Verdi was intensely interested in politics and an apostle for the cause of Italian unification, which wasn’t going to occur until the early 1870s, so thirty years after this piece. “Va, pensiero” became a sort of unofficial national anthem for the Risorgimento, the move for Italian independence away from the rule of the Austrian empire. And after this opera Verdi’s name itself became an acronym for the cause; V-E-R-D-I meant “Victor Emmanuel, Re d’Italia,” Victor Emmanuel, King of Italy. So this piece has always been inextricably linked with the Risorgimento.
And it’s often asked, was this piece meant as a spur, as an encouragement for that cause? Did Verdi intend it? I’m not sure he did. I think actually it was a happy chance that echoes were found with the suffering Hebrew people, that Verdi’s audiences found a direct parallel to their situation. Verdi became a slightly unwitting apostle for the Risorgimento. But that’s not to say Verdi didn’t have very strong political convictions. He certainly understood politics as a dramatic force, as the basis for a lot of his work. The idea of an invading army, the sacking of a city, the movement of great political forces, was an attraction within the subject matter for Verdi, undoubtedly.
What does Nabucco tell us about violence and power politics in the mideast, then and now?
Has anything changed in the Middle East between the Biblical times and now? It’s part of the world which has always been in conflict. It’s desert...boundaries shift with the sands. Conflict has certainly been part of that region for many many many generations. Again, was that Verdi’s intention? No. There have been many contemporary productions which draw parallels between the story and current events in the mideast. Personally I’ve always found that’s interesting for about ten minutes, and then you get into big problems. You know, people who brandish Kalashnikovs move in a realistic time frame, and yet the weight and grandeur of this music plays against a scenic plan which requires very detailed, naturalistic acting. For me, that has always been a big problem with contemporary productions of this piece—the visual image is at odds with the musical pulse.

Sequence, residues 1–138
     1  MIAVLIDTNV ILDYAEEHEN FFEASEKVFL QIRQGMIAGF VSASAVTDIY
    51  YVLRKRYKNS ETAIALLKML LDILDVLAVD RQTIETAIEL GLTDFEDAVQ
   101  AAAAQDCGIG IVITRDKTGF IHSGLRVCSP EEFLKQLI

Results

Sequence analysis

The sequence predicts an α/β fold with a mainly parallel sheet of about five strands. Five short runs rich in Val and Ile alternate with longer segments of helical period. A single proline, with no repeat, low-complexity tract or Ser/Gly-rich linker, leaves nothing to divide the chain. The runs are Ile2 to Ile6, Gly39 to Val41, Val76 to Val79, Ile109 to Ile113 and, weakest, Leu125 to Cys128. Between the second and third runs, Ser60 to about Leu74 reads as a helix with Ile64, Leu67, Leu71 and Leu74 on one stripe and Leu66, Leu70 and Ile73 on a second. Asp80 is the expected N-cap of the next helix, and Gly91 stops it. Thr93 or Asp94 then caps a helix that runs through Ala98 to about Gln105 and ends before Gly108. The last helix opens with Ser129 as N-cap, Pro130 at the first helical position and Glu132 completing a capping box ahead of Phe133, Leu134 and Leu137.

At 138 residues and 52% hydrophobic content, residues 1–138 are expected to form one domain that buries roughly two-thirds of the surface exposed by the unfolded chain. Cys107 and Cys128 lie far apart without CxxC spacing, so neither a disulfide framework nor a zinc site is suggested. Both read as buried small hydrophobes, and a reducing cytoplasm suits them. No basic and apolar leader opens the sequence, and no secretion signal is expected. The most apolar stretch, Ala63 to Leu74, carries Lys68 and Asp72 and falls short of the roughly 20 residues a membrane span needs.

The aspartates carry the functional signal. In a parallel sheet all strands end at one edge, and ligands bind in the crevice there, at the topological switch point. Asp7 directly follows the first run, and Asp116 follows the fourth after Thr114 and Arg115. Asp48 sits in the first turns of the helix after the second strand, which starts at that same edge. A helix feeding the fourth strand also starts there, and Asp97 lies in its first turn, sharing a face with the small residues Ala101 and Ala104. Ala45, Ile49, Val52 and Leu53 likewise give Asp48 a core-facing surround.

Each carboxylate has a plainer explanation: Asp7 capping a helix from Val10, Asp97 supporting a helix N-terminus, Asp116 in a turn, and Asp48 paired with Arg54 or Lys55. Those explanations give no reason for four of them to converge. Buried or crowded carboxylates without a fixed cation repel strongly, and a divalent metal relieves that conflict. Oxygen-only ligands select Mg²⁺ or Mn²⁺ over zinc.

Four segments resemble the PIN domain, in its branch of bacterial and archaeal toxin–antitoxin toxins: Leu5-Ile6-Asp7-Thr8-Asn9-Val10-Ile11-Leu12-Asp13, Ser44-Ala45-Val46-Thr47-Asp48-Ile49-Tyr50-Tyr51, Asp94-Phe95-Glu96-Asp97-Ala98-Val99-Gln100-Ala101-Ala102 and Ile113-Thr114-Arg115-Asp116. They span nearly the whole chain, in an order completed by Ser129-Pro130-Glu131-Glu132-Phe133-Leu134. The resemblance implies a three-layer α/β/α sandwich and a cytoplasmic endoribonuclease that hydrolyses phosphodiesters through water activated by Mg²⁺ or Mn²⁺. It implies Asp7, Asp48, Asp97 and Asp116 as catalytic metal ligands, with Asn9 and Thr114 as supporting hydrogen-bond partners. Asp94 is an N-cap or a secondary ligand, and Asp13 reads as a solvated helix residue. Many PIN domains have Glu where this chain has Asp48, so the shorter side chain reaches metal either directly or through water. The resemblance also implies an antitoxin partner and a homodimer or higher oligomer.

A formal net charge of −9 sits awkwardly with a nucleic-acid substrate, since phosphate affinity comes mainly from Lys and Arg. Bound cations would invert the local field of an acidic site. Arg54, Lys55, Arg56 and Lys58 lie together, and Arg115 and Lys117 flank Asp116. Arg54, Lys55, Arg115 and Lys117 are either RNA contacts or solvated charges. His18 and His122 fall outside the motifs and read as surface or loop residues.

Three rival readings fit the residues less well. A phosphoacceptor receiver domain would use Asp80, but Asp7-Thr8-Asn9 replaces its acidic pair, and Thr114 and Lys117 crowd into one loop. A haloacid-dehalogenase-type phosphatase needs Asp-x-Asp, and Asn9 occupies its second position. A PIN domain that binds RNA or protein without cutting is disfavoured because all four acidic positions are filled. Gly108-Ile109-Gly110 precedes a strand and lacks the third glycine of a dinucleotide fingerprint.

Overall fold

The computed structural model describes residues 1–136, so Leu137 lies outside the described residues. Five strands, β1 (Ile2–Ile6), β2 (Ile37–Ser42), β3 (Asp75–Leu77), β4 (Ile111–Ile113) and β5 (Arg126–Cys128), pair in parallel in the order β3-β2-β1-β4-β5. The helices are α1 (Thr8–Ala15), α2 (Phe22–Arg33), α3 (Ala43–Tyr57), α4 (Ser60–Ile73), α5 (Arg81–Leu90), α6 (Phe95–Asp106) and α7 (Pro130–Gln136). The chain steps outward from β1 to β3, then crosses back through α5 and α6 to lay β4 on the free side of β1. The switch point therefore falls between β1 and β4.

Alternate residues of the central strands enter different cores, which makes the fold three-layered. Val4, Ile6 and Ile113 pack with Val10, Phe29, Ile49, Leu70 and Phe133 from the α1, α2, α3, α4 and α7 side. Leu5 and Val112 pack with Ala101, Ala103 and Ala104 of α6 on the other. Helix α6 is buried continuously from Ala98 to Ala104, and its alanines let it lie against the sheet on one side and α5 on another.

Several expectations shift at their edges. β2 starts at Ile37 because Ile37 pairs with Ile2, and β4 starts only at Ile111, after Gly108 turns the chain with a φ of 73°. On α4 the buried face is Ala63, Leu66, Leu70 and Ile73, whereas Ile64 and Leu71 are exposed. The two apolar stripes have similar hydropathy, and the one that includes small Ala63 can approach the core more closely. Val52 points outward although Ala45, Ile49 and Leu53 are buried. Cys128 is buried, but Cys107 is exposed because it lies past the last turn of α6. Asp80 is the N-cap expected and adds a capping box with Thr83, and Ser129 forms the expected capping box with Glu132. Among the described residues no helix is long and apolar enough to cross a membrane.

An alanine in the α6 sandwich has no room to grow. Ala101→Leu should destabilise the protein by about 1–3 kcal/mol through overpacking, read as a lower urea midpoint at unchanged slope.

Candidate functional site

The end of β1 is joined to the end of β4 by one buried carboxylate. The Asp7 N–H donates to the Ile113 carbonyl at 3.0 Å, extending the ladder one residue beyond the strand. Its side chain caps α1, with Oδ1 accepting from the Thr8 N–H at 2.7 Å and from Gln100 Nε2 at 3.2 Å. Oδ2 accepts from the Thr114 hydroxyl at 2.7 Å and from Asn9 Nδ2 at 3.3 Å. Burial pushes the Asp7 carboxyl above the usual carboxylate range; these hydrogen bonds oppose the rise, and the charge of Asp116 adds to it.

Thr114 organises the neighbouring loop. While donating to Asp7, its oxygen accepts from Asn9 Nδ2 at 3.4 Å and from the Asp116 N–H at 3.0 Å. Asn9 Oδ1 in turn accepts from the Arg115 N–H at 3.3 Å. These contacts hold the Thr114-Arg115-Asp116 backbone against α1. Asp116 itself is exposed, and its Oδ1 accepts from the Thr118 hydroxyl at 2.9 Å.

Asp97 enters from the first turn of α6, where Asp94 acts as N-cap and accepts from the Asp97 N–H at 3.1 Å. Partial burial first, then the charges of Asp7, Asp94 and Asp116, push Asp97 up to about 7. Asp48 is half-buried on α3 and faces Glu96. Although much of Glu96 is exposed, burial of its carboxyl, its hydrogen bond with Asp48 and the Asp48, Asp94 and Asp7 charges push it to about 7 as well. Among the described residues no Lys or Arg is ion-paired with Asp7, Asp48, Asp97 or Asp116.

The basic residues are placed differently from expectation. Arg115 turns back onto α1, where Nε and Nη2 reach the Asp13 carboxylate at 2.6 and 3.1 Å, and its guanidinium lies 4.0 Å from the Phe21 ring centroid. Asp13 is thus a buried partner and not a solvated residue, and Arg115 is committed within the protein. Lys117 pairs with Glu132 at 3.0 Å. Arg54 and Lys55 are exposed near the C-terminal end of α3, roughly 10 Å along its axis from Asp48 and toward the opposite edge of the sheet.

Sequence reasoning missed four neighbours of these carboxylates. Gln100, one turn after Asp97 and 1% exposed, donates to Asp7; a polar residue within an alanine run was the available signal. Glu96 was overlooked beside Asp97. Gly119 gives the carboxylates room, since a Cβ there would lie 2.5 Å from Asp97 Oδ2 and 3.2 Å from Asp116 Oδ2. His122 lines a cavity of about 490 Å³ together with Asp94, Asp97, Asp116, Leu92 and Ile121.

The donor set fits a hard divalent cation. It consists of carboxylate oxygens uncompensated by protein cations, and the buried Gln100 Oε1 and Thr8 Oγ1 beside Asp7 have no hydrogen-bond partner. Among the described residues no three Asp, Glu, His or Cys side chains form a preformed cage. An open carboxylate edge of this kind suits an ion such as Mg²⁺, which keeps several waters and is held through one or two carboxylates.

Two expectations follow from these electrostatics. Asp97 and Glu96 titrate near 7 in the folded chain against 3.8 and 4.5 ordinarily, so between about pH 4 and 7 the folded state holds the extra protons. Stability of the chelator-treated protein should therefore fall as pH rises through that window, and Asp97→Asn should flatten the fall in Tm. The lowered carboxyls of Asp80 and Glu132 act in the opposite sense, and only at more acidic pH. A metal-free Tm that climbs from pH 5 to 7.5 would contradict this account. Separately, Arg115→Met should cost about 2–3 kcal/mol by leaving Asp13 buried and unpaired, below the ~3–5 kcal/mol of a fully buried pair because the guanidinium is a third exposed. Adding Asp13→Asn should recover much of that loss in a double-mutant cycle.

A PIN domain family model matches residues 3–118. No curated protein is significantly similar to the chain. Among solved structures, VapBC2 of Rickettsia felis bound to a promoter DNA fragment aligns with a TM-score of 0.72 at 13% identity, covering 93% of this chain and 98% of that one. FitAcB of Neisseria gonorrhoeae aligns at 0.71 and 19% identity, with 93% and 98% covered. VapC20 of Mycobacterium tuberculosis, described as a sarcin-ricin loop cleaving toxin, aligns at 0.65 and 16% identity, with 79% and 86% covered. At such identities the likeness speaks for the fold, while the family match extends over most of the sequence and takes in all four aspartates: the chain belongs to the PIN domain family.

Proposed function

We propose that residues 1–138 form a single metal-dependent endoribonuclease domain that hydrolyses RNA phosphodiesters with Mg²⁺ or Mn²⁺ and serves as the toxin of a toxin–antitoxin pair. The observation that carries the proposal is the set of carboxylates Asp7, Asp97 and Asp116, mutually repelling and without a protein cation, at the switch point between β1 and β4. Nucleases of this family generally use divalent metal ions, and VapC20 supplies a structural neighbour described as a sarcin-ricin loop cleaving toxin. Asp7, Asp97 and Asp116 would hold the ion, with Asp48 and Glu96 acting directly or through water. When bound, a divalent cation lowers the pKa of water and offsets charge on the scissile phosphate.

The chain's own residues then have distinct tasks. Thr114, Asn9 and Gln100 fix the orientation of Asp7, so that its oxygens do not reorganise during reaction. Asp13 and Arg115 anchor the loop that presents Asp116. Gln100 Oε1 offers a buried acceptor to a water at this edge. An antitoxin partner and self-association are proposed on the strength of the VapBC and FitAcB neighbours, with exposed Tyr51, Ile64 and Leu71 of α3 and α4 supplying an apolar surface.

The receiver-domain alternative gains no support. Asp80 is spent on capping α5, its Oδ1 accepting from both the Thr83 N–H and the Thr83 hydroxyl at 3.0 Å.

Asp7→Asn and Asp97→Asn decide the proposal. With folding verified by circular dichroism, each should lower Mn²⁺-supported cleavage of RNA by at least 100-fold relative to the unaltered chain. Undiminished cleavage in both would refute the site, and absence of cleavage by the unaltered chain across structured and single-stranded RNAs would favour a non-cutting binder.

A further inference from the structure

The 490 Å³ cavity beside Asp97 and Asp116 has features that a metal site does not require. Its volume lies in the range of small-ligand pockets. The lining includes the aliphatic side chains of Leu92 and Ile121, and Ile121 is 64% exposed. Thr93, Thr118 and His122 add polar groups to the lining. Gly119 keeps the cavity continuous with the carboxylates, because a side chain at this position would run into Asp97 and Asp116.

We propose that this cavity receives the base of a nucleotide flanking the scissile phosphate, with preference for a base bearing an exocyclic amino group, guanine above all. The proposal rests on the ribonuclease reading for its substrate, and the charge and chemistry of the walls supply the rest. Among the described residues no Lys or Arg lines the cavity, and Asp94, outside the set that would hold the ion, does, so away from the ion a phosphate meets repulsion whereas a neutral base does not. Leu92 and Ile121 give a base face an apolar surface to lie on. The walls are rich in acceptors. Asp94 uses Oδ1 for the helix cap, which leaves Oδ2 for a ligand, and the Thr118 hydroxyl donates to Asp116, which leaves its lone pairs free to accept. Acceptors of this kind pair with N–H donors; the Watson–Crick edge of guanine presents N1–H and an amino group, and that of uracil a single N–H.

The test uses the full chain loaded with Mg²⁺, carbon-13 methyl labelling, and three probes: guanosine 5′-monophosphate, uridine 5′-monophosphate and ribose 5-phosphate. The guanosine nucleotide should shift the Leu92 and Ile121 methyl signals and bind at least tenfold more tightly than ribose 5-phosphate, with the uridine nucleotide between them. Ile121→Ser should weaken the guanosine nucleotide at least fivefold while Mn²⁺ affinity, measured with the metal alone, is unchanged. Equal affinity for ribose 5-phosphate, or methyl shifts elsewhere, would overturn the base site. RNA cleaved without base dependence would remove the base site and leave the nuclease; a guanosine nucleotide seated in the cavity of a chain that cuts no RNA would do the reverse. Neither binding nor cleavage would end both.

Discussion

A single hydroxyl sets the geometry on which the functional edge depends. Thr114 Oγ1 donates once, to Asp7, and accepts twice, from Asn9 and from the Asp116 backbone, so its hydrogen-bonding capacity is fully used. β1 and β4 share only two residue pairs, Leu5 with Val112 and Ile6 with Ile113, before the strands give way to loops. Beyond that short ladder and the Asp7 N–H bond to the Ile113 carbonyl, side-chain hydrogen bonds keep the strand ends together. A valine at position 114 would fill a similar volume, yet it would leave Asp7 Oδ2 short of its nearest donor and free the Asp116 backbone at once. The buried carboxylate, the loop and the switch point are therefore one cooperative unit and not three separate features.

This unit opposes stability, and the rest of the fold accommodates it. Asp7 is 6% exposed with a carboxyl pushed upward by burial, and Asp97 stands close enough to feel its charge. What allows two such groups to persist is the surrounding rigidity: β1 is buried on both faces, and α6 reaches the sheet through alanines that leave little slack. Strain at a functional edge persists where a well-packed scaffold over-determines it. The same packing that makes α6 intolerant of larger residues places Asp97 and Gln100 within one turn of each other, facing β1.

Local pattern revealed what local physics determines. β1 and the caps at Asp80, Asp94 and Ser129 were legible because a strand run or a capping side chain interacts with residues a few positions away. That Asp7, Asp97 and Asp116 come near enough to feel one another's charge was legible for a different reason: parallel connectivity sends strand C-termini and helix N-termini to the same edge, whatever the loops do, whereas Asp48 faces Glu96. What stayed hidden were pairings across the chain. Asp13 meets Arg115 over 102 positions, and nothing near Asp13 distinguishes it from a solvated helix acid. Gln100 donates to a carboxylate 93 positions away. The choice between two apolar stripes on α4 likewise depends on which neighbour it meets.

What’s the connection between this opera and Shakespeare?
Verdi is sometimes called “Opera’s Shakespeare.” He wrote three operas based on Shakespeare: Macbeth, Otello, and Falstaff, which is a setting of The Merry Wives of Windsor. The opera he always intended to write and never got around to was King Lear; in many ways this work is the nearest he gets to King Lear. What appealed to Verdi in Shakespeare? The directness of the dramas, the pace, and also the variety. What defines Shakespearean theater from European theater is the mixed genre. With Shakespeare, even in tragedy there is black comedy, lighter moments. Whereas a French tragedy is absolutely unrelieved seriousness.
Verdi may have been a bit envious of the English having Shakespeare as their national playwright and wanted to claim a bit of that feeling for himself. Maybe the fact that Verdi was of humble birth helped him identify with a writer who was not an aristocrat, who wrote popular theater, for the people, because Italian opera was popular theater and Shakespeare was certainly writing for a popular audience.